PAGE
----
The Real Thing first formed in 1970, their brand of RnB, Soul and Disco were perfect for the glitter and glam years of the decade.  Releasing over 20 singles and 4 albums throughout the 70s and 80s, they are most notably know for their massive hits "You To Me Are Everything" and "Can You Feel The Force".  They were England's most successful black Rock/Soul act in the 70s.

Big In Japan had a lasting effect on British music, they were in fact a backward super group.  The band members became big stars AFTER they left!  Members included Ian Broudie (The Lightning Seeds and producer of records by Echo and the Bunnymen, The Coral and The Zutons), Holly Johnson (later of Frankie Goes To Hollywood, who we will come to later), David Balfe (The Teardrop Explodes' keyboardist) and Budgie (technically from St Helens but later was drummer in Siouxsie And The Banshees).  The band released a couple of singles and albums but were more a gig band as their members were constantly changing.

The Eighties

My era and most of the bands I remember having an influence on my musical tastes in the future.  Most notable as hinted on earlier were Frankie Goes To Hollywood, often overhyped, amidst claims they couldn't play and they were too outrageous.  Holly Johnson, Paul Rutherford (two openly gay singers) and The Lads (3 typical Scouse lads), add the production skills of Trevor Horn (The Buggles) and the journalistic propaganda of Paul Morley this was a marriage made in heaven.  Only 7 singles and two albums but the legacy was left.  Shirts bearing slogans, 3 number one singles in 3 releases, blatantly provocative videos, and then it was over.  Holly left and the band disbanded.  Holly continued to record and had a successful album with "Blast" in 1989.  The band COULD play by the way, as I saw at the G-Mex in Manchester (supported by Berlin).

The Icicle Works fronted by Ian McNabb caught my imagination with their debut single "Love Is A Wonderful Colour" in 1983.  A kind of atmospheric Psychedelic Rock I had not heard before.  Ian's unique vocals compounded beautifully with subtle harmonies and melodies.  I loved this band and was a little sad they were not given enough credit, McNabb's lyrics were brilliant and they should have been more successful.  5 albums and 20 singles throughout this decade splitting up in 1990.  McNabb still records today as a solo artist and major gigging artist releasing 10 albums and a few singles.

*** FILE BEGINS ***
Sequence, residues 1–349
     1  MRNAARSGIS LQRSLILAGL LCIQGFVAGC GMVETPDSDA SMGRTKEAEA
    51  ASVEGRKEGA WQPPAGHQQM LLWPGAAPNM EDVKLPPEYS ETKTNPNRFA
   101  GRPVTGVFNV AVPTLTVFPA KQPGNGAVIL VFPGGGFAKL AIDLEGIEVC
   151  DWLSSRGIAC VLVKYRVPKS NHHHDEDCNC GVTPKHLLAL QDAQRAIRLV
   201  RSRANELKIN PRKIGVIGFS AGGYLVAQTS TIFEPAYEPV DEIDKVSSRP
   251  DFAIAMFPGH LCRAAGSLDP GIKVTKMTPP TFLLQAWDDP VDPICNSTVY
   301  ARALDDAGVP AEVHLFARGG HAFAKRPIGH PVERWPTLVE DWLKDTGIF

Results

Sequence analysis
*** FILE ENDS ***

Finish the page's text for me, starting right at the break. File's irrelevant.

Other notable singers of this time, Carol Decker fronted T'Pau, Colin Vearncombe became the melancholy Black, Andy McCluskey fronted Synth Pop act Orchestral Maneouvres In The Dark and Ian Astbury fronted Rock band The Cult.  Notable bands Julian Cope and The Teardrop Explodes, The Christians, Pete Burns and Dead or Alive. The La's, Ian McCulloch and Echo and The Bunnymen, A Flock of Seagulls, The Lotus Eaters.  All with their part to play on defining the new generation of music.


One of the bands that caught my ears in the 2000s were The Coral, who are still playing today, with their brand of Indie Rock/Psychedelic folk sound they remind me of what The La's could have become if they had carried on.

The Zutons were also a band I liked also.  All in all, I think this article proves that Liverpool is not all about The Beatles, and that more interesting music can be found from Merseyside.  Of course, there are other influential bands from other parts of the UK, which I may look into at a later date.  For this article, the purpose was to show there was and is life in the Liverpool music scene except the fab four boy band of the Sixties.

There are lots of relatively unknown but great artists emerging from the town as well such as Chasing Infinity and Eleanor Nelly.  So when people ask me "oh, Liverpool, that's the home of The Beatles??"  Yes, it is also home to some amazing talent that left a mark on music history and also home to bright, young talent who are far more interesting and inspiring than the so called "Fab Four".